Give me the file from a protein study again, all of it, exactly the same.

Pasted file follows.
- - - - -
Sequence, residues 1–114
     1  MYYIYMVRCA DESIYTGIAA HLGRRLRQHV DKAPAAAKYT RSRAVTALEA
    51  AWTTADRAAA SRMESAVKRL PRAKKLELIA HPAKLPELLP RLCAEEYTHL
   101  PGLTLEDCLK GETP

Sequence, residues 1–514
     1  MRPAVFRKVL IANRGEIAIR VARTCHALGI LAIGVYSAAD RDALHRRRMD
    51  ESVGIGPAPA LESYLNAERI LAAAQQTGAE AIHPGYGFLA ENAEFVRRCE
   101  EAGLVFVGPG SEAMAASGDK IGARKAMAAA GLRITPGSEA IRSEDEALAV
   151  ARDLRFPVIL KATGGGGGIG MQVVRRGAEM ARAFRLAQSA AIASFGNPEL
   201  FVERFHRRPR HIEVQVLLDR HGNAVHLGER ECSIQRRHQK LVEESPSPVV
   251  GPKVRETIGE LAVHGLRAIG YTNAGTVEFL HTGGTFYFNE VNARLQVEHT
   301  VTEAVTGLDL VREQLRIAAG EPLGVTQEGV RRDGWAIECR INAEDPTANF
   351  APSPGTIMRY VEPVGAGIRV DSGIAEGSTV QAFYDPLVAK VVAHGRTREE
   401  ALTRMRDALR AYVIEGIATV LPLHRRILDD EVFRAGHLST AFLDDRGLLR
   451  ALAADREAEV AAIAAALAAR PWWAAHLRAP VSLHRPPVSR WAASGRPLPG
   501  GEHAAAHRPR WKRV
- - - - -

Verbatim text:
Sequence, residues 1–114
     1  MYYIYMVRCA DESIYTGIAA HLGRRLRQHV DKAPAAAKYT RSRAVTALEA
    51  AWTTADRAAA SRMESAVKRL PRAKKLELIA HPAKLPELLP RLCAEEYTHL
   101  PGLTLEDCLK GETP

Sequence, residues 1–514
     1  MRPAVFRKVL IANRGEIAIR VARTCHALGI LAIGVYSAAD RDALHRRRMD
    51  ESVGIGPAPA LESYLNAERI LAAAQQTGAE AIHPGYGFLA ENAEFVRRCE
   101  EAGLVFVGPG SEAMAASGDK IGARKAMAAA GLRITPGSEA IRSEDEALAV
   151  ARDLRFPVIL KATGGGGGIG MQVVRRGAEM ARAFRLAQSA AIASFGNPEL
   201  FVERFHRRPR HIEVQVLLDR HGNAVHLGER ECSIQRRHQK LVEESPSPVV
   251  GPKVRETIGE LAVHGLRAIG YTNAGTVEFL HTGGTFYFNE VNARLQVEHT
   301  VTEAVTGLDL VREQLRIAAG EPLGVTQEGV RRDGWAIECR INAEDPTANF
   351  APSPGTIMRY VEPVGAGIRV DSGIAEGSTV QAFYDPLVAK VVAHGRTREE
   401  ALTRMRDALR AYVIEGIATV LPLHRRILDD EVFRAGHLST AFLDDRGLLR
   451  ALAADREAEV AAIAAALAAR PWWAAHLRAP VSLHRPPVSR WAASGRPLPG
   501  GEHAAAHRPR WKRV